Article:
Table 1: Physical properties of PPC
Fineness 9%
Setting time(Initial) 80 min
Specific gravity 3.03
Unit weight 1440kg/m3
Consistency 36%

Table 2: Physical properties of Aggregate
Size Passing through 12.5 mm sieve and retained on 10.0 mm
Unit weight 1550 kg/m3

Table 3:- Specification of Superplasticizer
Specific Gravity 1.20 to 1.21 at 30oC
Chloride content Nil. to IS:9103-1999 and BS:5075
Air entrainment Approx. 1.5% additional air over control

(i) A/C ratio- 4.5:1

Quantity of material used for 3 cube moulds, each mould having dimension of 15cm×15cm×15cm is:-
  • Cement: 5.8 kg
  • Aggregate: 26.18 kg
  • Super plasticizers: 58 ml
  • Water: 1.74 Lt.
(ii) A/C ratio- 5.5:1

Quantity of Material used for 3 cube moulds, each mould having dimension of 15cm×15cm×15cm.
  • Cement: 4.9 kg
  • Aggregate: 27.10 kg
  • Super plasticizers: 49 ml
  • Water: 1.47 Lt.
(iii) A/C ratio-6.5:1

Quantity of Material used for 3 cube moulds, each mould having dimension of 15cm×15cm×15cm.
  • Cement:4.25 kg
  • Aggregate: 27.7 kg
  • Super plasticizers: 42.5 ml
  • Water: 1.275 Lt.
Mixing Method

For mixing of materials the standard procedures(3) have been followed as stated below:

  1. The mixer was lubricated with adequate amount of water (other than from what is required for experiment) and then it was poured out from it. A fixed quantity of aggregate was firstly cast in the mixture and the estimated absorbed water mixed with superplasticizer was spilled on aggregate for 1 minute, to ensure that the aggregate surface was wet. The cement was afterwards added to the mixture, for another 1 minute, with the wet aggregate. Finally the amount of water (mixed with super plasticizer) remaining was added to the mixer for another 2 minutes.
  2. Mixing was performed using the standard procedure. Slump test was performed immediately along with unit weight test of fresh concrete mix. During performing slump test and unit weight test, slump cone and unit weight cylinder was filled in 3 layers and each layer was compacted uniformly 25 times with proctor compaction hammer and upper most surface layer was smoothened with tampering rod.
Mould Filling and Curing

After performing slump test and unit weight test of green pervious concrete, the iron moulds of dimension 15 ×15 ×15cm were filled immediately. Iron moulds were first greased uniformly and then filled in two layers and each layer was compacted uniformly with proctor compaction hammer and then top layer was smoothened with tampering rod.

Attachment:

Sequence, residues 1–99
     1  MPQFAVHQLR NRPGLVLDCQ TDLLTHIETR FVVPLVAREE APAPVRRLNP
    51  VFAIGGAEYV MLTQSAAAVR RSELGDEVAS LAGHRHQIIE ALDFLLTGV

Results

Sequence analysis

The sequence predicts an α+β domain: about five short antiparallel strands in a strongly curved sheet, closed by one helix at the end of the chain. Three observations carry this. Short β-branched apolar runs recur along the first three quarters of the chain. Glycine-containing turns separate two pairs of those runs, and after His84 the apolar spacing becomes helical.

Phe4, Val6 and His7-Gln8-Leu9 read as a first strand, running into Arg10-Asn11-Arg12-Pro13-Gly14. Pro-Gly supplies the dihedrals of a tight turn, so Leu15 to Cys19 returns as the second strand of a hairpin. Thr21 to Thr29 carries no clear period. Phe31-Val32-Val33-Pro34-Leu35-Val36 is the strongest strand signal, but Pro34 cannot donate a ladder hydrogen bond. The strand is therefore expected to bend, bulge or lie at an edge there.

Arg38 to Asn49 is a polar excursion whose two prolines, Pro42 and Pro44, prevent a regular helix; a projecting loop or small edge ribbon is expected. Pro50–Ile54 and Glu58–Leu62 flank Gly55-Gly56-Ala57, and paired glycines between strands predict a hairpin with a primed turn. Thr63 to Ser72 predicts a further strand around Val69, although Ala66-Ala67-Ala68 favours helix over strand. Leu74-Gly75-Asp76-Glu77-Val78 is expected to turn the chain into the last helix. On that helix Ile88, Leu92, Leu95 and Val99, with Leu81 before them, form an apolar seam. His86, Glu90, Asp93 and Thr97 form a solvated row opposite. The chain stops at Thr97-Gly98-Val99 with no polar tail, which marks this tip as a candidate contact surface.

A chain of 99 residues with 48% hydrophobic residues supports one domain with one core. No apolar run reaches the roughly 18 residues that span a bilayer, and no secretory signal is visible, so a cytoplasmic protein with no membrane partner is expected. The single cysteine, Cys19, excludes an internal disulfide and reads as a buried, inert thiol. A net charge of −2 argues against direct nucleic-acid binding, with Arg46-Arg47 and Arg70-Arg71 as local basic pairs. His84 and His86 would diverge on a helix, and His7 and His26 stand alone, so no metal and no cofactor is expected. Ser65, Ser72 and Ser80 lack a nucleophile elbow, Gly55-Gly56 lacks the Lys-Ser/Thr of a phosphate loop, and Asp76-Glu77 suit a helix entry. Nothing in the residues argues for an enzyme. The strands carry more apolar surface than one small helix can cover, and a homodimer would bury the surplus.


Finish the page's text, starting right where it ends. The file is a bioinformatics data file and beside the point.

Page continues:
Immediately after filling of mould, water was sprinkled over the moulds and the cube moulds were covered with plastic cover tightly in order to prevent the evaporation of water from the mix so that water is locally available for the curing(4) of pervious concrete.

Time elapsed during the concrete mix is being prepared and curing of the pervious concrete started should not be more than 20 minutes. Plastic covering as shown in Fig.1 is provided continuously for 7 days. At 7th day specimen is demoulded as shown in Fig.2 and tests were performed.

Concrete material

Test Methods

Following tests were performed on the pervious concrete in this study-

(i) Water permeability test

Permeability is the property of a structure that is an indication of the passage of water through it. There are two methods by which we can measure the permeability of any porous media like pervious concrete such as-

(a) Falling head method(FHM)- In this method, a head is given initially which further begins to decrease with passage of time.

(b) Constant head method(CHM)- In this method, a head is given initially which is maintained by equalising the discharges at the inlet and outlet of the apparatus.

Falling Head Method(5) was followed in this study-


Different apparatus may be used for the same but the mechanism of pressure fall is the same. A faucet supplies sufficient water in the in let and allows water flow through the sample and finally drains from the outlet. The water head in the inlet is allowed to any desired level and then maintained a steady flow through pipes.

When the test commences, the water supplied faucet is closed to free the water head in the inlet dropping progressively to level the water head at the outlet. Apparent permeability kfal of the sample can be computed by-

kfal=[a x L / A x t] ]n (ho/h1)


L is length of sample.

A is cross sectional area of sample.

a is cross sectional area of the water in falling head pipe.